Whether it’s popping pills like Kim and Kourtney or devouring it raw in a smoothie like performer Gaby Hoffman, eating placenta has been the latest alternative maternity tendency to hit the mainstream. But in case you were wondering whether or not it’s a good suggestion to follow suit, the latest research indicates it’s best to sit this one out.

Not simply does it put your child at risk( the CDC issued a health advising the summer months ), it appears the health benefits have been over-exaggerated. According to a study recently published in Women and Birth, new mothers who take placenta capsules indicate no significant improvement in maternal mood, mother-infant bonding, or fatigue.

The placenta develops during pregnancy to render the fetus with nutrition and discard its trash. The theory runs that post-labor, the nutrients that have been passed from mother to fetus during pregnancy persist in the placenta and eating it raw helps the mother removed from childbirth. The practice has been gaining growing popularity in recent years with proponents claiming that placenta capsules can ease tirednes, prevent post-natal depression, and improve milk production.

Advocates also point out that humans are one of the relatively limited species of mammal that don’t partake in placentophagy( the scientific epithet for feeing the placenta ). While this might be true, it doesn’t necessarily mean that we should do the same. As Rebecca Baergen, a prof and Chief of Perinatal and Obstetric Pathology at Weill Cornell Medicine, point out here that in an interview with Scientific American, “there are a lot of other things that animals do that we don’t do.”

Still, until now, there has been relatively little science that has looked into the effects- beneficial or not- of eating your placenta.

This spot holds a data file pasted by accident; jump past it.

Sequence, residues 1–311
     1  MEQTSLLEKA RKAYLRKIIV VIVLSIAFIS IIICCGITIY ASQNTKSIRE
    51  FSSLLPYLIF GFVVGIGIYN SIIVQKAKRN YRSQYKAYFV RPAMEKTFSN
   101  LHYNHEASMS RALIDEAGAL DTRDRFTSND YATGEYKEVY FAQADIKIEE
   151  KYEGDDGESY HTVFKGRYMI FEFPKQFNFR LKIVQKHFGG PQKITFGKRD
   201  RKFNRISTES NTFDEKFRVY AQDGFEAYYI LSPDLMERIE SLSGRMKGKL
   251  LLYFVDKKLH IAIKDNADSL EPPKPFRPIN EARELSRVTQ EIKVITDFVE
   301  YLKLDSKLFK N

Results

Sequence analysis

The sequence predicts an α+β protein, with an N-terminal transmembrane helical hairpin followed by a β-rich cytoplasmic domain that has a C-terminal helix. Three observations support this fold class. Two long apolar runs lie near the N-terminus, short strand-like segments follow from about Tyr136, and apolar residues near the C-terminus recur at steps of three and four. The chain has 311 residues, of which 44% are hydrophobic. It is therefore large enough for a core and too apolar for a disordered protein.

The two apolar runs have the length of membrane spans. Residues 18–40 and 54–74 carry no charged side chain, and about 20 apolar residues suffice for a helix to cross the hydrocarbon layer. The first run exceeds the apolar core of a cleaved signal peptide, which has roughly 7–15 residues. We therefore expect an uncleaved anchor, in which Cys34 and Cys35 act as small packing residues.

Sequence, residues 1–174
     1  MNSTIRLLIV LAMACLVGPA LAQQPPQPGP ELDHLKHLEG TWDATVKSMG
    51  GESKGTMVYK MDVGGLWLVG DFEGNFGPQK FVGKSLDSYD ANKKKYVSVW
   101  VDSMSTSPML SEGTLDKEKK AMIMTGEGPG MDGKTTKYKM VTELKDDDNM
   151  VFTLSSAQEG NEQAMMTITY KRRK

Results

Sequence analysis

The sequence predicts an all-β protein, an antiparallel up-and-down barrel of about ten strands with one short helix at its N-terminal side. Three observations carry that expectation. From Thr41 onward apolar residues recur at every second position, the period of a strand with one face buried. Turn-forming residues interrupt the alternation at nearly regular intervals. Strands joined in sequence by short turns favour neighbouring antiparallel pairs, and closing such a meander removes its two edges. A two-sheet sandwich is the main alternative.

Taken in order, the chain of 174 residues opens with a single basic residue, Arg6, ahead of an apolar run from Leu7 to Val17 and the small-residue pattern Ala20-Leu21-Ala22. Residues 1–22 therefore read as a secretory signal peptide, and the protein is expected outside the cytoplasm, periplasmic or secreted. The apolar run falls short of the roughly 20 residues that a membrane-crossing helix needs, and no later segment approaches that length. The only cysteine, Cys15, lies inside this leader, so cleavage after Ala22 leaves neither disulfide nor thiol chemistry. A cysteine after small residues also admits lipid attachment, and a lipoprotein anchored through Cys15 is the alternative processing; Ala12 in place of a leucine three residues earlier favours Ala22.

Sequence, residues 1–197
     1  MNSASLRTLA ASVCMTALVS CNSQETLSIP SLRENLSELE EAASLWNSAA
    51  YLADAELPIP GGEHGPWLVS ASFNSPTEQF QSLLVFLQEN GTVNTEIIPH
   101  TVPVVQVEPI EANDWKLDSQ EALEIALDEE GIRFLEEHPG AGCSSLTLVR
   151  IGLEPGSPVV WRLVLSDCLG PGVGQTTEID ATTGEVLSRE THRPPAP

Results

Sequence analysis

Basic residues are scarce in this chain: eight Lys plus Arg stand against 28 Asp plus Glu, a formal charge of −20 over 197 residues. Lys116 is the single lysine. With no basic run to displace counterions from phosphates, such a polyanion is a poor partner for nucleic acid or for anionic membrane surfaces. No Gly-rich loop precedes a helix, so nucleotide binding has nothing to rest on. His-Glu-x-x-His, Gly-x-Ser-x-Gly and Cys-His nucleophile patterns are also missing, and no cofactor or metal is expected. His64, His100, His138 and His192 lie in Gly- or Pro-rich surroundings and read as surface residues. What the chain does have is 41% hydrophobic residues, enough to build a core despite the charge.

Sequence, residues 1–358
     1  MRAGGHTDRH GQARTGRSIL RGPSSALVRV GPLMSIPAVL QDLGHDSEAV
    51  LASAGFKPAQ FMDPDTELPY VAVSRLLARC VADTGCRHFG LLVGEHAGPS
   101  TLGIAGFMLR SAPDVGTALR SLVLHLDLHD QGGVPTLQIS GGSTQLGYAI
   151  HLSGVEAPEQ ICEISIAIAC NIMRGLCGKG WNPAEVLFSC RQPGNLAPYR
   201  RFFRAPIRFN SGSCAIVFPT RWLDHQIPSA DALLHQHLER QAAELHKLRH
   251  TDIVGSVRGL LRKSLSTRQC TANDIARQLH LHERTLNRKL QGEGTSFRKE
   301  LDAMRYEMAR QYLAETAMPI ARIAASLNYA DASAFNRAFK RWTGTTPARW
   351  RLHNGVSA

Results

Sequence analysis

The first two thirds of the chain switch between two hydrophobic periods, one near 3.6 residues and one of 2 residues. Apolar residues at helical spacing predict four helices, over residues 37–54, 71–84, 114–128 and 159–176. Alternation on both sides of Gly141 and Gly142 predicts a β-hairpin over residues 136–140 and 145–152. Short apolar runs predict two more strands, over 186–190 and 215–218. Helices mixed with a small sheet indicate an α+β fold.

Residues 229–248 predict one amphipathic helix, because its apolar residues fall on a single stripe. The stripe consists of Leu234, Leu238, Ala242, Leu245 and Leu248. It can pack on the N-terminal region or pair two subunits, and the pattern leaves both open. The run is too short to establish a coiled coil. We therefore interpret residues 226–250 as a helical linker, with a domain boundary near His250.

Researchers from the University of Nevada, Las Vegas, monitored maternal mood, mother-infant bonding, and tirednes levels in 27 new moms. Twelve volunteers were given placenta pills to take. The remaining 15 “ve been given” placebo pills.

Ultimately, there was no significant improvement in any of the categories measured, though health researchers did note very slight decreases in depressive symptoms in the placenta pill group, which could be investigated further. There were also small but noticeable a difference in hormone concentrations.

“What we have uncovered are interesting areas for future exploration, such as small impacts on hormone degrees for women taking placenta capsules, and small-scale improvements in mood and fatigue in the placenta group, ” Sharon Young, lead writer of the study, explained in a statement.

It was a small study so it would be interesting to see whether these findings can be replicated on a larger scale, but while experts advise against the practice, and with pills costing upwards of $200, for now, it might be a trend to skip.

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